I scream, you scream, we all scream for pornography. Whether it is on the Internet, in a novel, a piece of fan fiction or in your imagination pornography is a way to help us get sexually aroused and relieve our tensions – wink wink, nudge nudge.

This is not an article about whether pornography is good or bad, nor whether it is oppressive or empowering. In truth, it is all of the above, as anything can be.

But as a bisexual woman that thoroughly enjoys the nasty and sweet stories that pornography has to offer, there is one thing that I cannot stand: scissoring.

Scissoring is a position of tribadism (or tribbing) that describes a woman rubbing her vulva against her partner’s body to stimulate herself, especially the clitoris. Scissoring as a position describes when two women rub their vulvas against each other’s.

The first time I saw it was on the Internet labelled under “lesbian for women” (which is almost never adequate for women). As a young teenager first watching this, I was confused.

How exactly could a couple of women orgasm from this lip-to-lip contact? Sure, it may feel nice, but no nicer than a flat hand, I expected.

Sex is a passionate and pleasurable thing, so why would two women face away from each other? In the scissoring position, how could the couple stimulate other erogenous zones or even kiss each other? Why the focus on the one most obvious sexual piece of the female body?

So why is scissoring a thing?

It is a very simple answer: the pornography industry is male-dominated by demanders and suppliers who aggressively push a heteronormative idea of sex.

Heteronormative? You may be thinking. But you are talking about lesbian porn! But ‘lesbian porn’ is not for lesbians. It is an obsession with a hegemonic ideal of sexy women ‘experimenting’ on each other, and with phallic symbols from various dildos and dongs to a man entering the scene.

Of course, this may sometimes be the case in reality and that is perfectly fine! But it is the entire theme of freely accessible pornography on the Internet. (Please note: There is no such thing as free pornography. The ‘free’ videos that you may watch on RedTube or XNXX are stolen). Lesbian labelled pornography is widely created for the ‘male gaze’ – as in the stereotypical masculine perspective.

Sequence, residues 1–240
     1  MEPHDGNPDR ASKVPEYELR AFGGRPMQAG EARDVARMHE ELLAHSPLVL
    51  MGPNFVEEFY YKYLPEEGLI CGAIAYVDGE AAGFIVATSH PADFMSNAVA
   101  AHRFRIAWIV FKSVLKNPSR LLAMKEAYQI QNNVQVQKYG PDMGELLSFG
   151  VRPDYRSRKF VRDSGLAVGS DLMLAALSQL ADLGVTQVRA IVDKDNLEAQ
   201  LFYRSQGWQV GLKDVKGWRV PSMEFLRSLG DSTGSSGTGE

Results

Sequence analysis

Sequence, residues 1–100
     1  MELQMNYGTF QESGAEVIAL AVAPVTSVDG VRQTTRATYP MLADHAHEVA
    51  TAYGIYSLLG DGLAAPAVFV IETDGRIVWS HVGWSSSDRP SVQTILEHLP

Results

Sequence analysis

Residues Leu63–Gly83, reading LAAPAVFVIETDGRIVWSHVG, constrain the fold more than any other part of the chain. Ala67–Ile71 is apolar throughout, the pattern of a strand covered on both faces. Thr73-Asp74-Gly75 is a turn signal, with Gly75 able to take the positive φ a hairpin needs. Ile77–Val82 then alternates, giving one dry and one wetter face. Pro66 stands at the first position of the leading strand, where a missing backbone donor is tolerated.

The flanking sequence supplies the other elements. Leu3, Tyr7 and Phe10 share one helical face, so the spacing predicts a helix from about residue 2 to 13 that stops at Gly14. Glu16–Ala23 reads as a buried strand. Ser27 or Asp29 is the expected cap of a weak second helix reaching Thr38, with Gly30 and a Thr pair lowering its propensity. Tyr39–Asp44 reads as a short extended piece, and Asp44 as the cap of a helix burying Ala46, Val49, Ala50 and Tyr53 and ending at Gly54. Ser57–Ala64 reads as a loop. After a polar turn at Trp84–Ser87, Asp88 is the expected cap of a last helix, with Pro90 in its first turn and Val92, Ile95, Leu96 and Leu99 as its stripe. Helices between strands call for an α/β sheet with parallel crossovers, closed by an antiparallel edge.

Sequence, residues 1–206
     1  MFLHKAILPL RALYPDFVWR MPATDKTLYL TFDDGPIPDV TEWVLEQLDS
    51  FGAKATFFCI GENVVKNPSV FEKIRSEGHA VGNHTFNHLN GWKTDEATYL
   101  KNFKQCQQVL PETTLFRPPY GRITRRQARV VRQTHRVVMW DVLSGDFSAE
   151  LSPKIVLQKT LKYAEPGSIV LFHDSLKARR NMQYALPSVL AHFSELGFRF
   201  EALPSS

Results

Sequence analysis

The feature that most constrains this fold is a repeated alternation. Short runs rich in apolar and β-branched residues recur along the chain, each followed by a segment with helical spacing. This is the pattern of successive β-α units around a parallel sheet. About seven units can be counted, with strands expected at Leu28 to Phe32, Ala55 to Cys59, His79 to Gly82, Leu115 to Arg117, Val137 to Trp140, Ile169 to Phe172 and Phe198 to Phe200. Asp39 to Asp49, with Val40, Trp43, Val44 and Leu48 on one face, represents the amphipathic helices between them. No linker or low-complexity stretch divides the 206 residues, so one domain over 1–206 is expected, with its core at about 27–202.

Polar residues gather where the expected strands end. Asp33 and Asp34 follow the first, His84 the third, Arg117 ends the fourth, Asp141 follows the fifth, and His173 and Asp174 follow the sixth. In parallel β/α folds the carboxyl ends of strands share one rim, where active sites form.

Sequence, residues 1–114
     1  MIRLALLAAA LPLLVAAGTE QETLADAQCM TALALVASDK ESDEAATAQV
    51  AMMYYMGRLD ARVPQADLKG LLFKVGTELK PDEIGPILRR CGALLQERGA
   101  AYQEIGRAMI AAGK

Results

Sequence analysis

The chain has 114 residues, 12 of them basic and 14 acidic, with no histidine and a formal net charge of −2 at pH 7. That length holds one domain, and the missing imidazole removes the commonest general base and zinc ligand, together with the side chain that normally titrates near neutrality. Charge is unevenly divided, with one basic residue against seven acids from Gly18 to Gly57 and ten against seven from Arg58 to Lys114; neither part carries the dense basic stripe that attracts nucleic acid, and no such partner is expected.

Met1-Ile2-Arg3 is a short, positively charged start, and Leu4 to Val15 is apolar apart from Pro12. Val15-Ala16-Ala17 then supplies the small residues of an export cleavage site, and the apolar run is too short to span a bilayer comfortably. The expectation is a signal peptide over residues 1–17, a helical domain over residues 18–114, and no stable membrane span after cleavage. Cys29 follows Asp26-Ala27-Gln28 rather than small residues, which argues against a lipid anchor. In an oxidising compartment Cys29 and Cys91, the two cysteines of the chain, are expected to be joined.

It makes me laugh to think of the two possible founding moments of the scissoring positions. The writers of the pornography industry (1) are so unaware of the female body that they think the vulva is the only erotic female zone and therefore are limited with their partners and probably are a disappointing lover, (2) are so wrapped around the idea of heteronormative sex, that they cannot imagine the natural ways in which women do have sex with each other.

Unfortunately, there is a third possible scenario: The writers simply do not care and think Why should the women matter when they are only for the ‘male gaze’?

So why am I telling you this? To ruin your dream of two women scissoring, of course.

It rarely happens. I am sure there are women out there who might like it, but I have not heard of a single one.

While I am at it, gaping takes hours (they cut the filming), most women’s orgasms are fake, including squirting. By taking pornography as your guide to sex, you could be going down with many misconceptions.

Here is my proposal: Involve women in the upper levels of the pornography industry. Share your positions. Encourage their inputs. Heighten the level of ethical standards on worker treatment.

You will get much more accurate and sexy collection of pornographies, and many more viewers of the ‘female gaze’.

Gender equality in the pornography = more orgasms and better sex for all.

SHARE
Previous articleThe first Troy Bordun visiting Canadian filmmaker: Bruce LaBruce
Next articleThe edges of round: sexual awakening

You know that crazy cat lady with red hair, a love for charity, and a passion for social justice? That’s me. I view everything in a critical light and am dedicated to bringing readers the alternative side of the truth.

After Spring 2016, I will be entering my fifth and final year at Trent University as a Woman Studies and Business student. Where I will go next? Who knows! But I forsee a dozen cats in my future, and a long life in the Arthur newspaper’s future.